Russia-UK dialogue reaches new level
The Inaugural UK-Russia Strategic Dialog, in the form of joint foreign and defense ministerial talks on March 13, 2013, in London, was both frank and productive – although some disagreements remained.
The Syrian question became the main topic of discussion between the two countries, whose relations have been rocky over the past seven years.
“Today we discussed in a frank and constructive manner our bilateral relations, as well as a number of regional and international issues. We tried not to gloss over acute or blunt angles, but to consider even the most complicated issues openly and in a spirit of partnership – whether it was a concern over human rights or the slow progress on extradition of certain prosecuted Russian citizens who are currently in the U.K.,” Russian Foreign Minister Sergei Lavrov told a press conference following the meeting.
British Foreign Secretary William Hague called the talks “an important milestone” in the strengthening of working-relations between the U.K. and Russia.
“It’s very important to note that, as two, fellow, permanent U.N. Security Council members, it is vital for us to work together on a wide range of subjects. And we discussed those subjects today. Such as the work we’ve been doing in the U.N. Security Council to secure peace and stability in Somalia, Yemen and Sudan,” Hague said. “We welcome this format.”
The London talks between the Russian and British foreign and defense ministers were organized at the behest of the countries’ leaders – President Vladimir Putin and Prime Minister David Cameron – as part of an effort to build a bilateral dialogue.
Ties between Britain and Russia have been strained since the 2006 death of former KGB agent Alexander Litvinenko in London. Moscow has refused to extradite Andrei Lugovoi, whom the British government believes to be responsible for the murder.
The situation in Syria was the main topic of discussion at the talks. Both Russia and the U.K. are calling for an end to the conflict through negotiations.
“Both our countries seek an end to the appalling suffering and to the instability; we both support a political transition in Syria, on the basis agreed in Geneva last year,” Hague said.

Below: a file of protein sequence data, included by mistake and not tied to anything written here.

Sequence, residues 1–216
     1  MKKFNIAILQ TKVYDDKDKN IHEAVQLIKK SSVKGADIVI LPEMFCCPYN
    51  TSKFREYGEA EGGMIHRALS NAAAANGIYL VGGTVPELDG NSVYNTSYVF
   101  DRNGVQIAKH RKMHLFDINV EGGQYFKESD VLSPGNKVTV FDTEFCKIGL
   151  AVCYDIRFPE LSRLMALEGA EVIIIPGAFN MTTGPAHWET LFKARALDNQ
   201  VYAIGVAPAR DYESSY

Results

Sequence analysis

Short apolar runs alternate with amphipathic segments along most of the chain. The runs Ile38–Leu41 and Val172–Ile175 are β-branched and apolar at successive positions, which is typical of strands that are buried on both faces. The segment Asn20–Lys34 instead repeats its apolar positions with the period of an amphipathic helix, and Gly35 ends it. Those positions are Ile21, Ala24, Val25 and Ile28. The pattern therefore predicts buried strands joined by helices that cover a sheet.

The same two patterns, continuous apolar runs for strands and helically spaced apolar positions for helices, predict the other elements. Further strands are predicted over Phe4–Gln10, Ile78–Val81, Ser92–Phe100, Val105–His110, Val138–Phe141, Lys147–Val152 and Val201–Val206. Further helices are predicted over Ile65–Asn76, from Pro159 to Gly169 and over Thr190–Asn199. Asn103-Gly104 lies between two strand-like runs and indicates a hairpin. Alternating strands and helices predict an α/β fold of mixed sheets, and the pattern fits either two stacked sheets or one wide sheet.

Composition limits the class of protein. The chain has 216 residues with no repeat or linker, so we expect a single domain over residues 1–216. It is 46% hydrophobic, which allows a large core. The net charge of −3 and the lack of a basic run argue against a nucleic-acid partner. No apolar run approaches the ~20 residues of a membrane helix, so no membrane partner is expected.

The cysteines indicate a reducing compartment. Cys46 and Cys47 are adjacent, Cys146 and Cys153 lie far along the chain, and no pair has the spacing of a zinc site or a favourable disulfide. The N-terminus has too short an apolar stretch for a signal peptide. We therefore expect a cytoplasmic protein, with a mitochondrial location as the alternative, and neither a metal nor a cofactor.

There are serious disagreements, however, over how exactly this should be achieved – in particular, whether it is necessary to insist that Syrian President Bashar Assad step down.
The British foreign secretary said that, “as long as a political transition is not found, we will increase our support for the opposition and the Syrian people, to try to save lives.”
According to media reports, London has already decided to increase the aid to Syria by $20 million.
Lavrov, on the other hand, recalled the outcome of the active support given to Libyan rebels by their European allies. Some of the weapons shipped to Libya ended up in the hands of terrorists, whom the Europeans are trying to deal with now in Northern Africa.
In his answer to a question on whether the meeting succeeded in bringing the positions on Syria closer, the Russian foreign minister said this:
“We have a common ground for further action – the Geneva Communiqué. It calls on the government and the opposition to form negotiating teams and agree on establishing a ‘transitional governing body’ that would exercise full executive powers and prepare free elections. This communiqué doesn’t contain any preconditions about the need to remove Bashar Assad from the post of Syria’s president.”
Hague noted that the parties would continue their efforts to reach full agreement on the disputed matters.
The agenda of the talks was not limited to Syria. The ministers also discussed the Iranian nuclear program, Afghanistan security and the situation in Mali. The British side also shared their experience of ensuring public safety at the Olympics.
The foreign ministers also signed a plan for further ministerial consultations.
Observers have pointed out that, however modest the results of the talks might seem, the most important thing is that a normal dialogue – cut short after a sharp cooling of relations several years ago – has now resumed. The meeting allowed the Russian ministers to speak frankly.
2014 has been announced as the Russian year of culture in the U.K.
“I hope this will foster greater links between the people of our countries,” Hague said.
Russia and the U.K. have decided to hold such talks annually. The next meeting in the two-plus-two format will take place in Moscow.